A week ago, Forbes published an opinion piece by Chris Ladd, a lifelong Republican who ditched his own party in 2016, but then they took the article down because the editors felt the subject matter was too controversial for their audience. The article was spot on, in my opinion, and Ladd put his finger on something I’ve never read anyone express so succinctly.
At the end of my most recent post about the passing of Billy Graham I argued that today’s evangelical theology was significantly influenced by a political party desperate to survive into the next generation by cobbling together a unified base of voters in the Deep South no matter what it took. In a kind of reverse Faustian bargain, the GOP sold their collective soul to Jesus in exchange for another 40 years of existence.
Baptists changed their view on abortion (something the Bible never condemns but actually prescribes in at least one place) to match that of the Catholic Church only after the Supreme Court ruled that fundamentalist Christian schools couldn’t discriminate on the basis of race. Suddenly Baptists and Catholics began holding hands and moving as a unit, and thus was born the Religious Right.
[Read: “What Does the Bible Say About Abortion?“]
But after reading Ladd’s article I realized I didn’t go far back enough. If you truly want to understand all the cultural and economic influences that have shaped the evangelical mind of today, you have to go all the way back to the Civil War.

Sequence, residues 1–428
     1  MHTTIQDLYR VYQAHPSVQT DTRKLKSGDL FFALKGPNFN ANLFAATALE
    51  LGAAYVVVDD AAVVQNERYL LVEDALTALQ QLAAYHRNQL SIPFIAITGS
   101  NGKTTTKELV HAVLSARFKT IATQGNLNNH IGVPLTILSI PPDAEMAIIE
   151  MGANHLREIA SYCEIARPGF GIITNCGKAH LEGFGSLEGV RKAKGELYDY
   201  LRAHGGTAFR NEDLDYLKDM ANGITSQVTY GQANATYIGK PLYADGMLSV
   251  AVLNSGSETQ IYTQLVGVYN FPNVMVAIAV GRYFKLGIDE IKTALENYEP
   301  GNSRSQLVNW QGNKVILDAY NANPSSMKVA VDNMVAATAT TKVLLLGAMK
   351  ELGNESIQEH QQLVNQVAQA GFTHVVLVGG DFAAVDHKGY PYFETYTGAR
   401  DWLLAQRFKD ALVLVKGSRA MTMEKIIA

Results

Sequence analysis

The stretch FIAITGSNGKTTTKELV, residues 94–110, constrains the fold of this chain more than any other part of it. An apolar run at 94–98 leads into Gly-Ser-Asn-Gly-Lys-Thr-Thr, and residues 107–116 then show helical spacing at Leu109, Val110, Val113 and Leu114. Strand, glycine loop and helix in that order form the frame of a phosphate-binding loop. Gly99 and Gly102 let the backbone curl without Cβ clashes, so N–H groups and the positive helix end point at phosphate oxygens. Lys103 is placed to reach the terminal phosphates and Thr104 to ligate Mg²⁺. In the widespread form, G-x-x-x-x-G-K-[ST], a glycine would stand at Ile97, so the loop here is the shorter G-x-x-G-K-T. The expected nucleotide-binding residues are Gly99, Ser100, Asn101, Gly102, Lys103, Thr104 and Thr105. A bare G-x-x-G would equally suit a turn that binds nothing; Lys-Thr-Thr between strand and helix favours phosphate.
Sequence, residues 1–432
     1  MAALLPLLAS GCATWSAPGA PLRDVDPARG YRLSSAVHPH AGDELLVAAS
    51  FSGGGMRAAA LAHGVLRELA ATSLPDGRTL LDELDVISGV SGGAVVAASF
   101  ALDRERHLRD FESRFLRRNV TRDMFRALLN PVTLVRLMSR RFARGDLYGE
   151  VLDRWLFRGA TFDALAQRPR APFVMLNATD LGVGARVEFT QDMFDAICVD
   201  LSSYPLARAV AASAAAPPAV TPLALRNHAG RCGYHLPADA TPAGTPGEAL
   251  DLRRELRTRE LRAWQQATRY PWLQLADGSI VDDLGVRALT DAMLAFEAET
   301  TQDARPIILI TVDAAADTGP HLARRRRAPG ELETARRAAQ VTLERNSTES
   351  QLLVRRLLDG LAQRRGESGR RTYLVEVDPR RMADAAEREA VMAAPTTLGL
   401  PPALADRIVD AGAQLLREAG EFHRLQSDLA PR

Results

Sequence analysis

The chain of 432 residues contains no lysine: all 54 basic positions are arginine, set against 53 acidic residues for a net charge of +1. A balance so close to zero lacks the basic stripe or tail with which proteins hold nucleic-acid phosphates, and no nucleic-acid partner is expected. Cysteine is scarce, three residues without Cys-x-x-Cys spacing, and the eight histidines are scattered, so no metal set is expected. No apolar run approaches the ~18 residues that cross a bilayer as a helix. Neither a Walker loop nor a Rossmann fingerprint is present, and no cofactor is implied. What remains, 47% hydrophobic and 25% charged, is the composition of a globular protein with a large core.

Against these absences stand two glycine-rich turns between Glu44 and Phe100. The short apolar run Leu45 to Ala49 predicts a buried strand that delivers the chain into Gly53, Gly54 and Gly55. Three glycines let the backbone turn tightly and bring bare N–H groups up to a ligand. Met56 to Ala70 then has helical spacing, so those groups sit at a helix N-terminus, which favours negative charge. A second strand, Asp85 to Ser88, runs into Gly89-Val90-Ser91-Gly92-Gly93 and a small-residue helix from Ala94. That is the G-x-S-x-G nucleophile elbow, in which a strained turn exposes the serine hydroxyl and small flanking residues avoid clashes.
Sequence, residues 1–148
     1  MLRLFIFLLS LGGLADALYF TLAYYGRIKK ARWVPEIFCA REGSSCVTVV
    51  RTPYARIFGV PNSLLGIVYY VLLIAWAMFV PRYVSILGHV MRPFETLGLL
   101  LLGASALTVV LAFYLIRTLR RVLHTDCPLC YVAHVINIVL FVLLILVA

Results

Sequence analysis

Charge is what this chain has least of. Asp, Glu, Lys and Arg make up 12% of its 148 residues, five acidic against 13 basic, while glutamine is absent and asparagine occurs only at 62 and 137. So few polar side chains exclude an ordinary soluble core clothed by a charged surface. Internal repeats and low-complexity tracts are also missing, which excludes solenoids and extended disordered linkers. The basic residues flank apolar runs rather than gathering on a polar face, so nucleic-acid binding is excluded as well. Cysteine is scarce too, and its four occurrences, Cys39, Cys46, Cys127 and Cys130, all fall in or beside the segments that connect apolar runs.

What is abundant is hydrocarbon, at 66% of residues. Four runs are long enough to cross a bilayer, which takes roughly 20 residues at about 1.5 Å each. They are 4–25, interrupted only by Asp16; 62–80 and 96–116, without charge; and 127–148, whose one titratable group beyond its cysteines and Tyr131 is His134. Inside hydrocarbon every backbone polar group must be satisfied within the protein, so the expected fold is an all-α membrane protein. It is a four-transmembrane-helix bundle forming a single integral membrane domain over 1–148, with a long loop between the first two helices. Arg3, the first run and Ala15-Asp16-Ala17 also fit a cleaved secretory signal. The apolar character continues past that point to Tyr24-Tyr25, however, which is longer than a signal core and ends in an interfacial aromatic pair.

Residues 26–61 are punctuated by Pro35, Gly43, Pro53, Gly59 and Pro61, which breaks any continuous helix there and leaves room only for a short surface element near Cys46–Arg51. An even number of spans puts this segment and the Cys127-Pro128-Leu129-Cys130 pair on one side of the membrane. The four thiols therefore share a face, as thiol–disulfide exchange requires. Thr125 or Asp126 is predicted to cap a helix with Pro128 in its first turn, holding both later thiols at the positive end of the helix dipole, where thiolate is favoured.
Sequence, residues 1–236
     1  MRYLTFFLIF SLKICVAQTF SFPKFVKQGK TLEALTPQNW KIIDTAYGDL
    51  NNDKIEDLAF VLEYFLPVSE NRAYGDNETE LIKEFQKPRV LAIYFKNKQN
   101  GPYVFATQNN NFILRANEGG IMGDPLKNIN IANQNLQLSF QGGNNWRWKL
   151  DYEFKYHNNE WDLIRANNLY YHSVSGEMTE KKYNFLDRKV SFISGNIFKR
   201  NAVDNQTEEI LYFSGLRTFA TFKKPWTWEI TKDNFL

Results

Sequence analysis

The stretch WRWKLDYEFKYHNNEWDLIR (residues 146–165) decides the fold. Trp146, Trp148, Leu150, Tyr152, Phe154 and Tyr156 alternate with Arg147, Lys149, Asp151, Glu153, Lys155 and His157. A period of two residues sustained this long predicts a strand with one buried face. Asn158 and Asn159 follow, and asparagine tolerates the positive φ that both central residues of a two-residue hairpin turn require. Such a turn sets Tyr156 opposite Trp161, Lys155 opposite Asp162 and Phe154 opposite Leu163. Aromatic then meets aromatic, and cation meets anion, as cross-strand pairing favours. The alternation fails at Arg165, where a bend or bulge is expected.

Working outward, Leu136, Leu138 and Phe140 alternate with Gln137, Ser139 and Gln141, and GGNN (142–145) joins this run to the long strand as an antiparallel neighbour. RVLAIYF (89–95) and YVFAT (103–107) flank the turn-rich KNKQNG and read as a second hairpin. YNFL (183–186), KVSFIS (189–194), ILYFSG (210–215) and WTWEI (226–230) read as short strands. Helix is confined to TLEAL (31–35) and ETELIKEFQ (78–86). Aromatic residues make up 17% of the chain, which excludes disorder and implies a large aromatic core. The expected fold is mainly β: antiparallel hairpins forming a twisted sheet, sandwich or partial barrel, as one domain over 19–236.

Ladd states his thesis at the outset:
“Modern, white evangelicalism emerged from the interplay between race and religion in the slave states. What today we call ‘evangelical Christianity,’ is the product of centuries of conditioning, in which religious practices were adapted to nurture a slave economy. The calloused insensitivity of modern white evangelicals was shaped by the economic and cultural priorities that forged their theology over centuries.”
He then proceeds to back it up with a concise thumbnail sketch of how things got to be the way they are. He begins by pointing out that the largest evangelical denomination, Southern Baptists, formed in 1845 during a split over slavery. From that point forward, social and economic pressures dictated how white Christian churches in the South read the Bible, leaving them with a selective biblical memory so curiously inverted it makes you wonder if you’ve stepped into a Bizarro world where up is down and wrong is right.
Ladd gets right to the point:
If all you knew about Christianity came from a close reading of the New Testament, you’d expect that Christians would be hostile to wealth, emphatic in protection of justice, sympathetic to the point of personal pain toward the sick, persecuted and the migrant, and almost socialist in their economic practices. None of these consistent Christian themes served the interests of slave owners, so pastors could either abandon them, obscure them, or flee.
Jesus clearly belongs to that dissenting prophetic tradition within Judaism which calls out the rich and the powerful, demanding that they share their bounty with the less fortunate. But this central theme to his ministry is all but erased by the way that evangelicals read their Bibles today.
Social benevolence is alternately the secular government’s business and not the government’s business depending on whichever answer at the moment will ensure that nothing is demanded of them personally to ameliorate the living conditions of those who aren’t white, or male.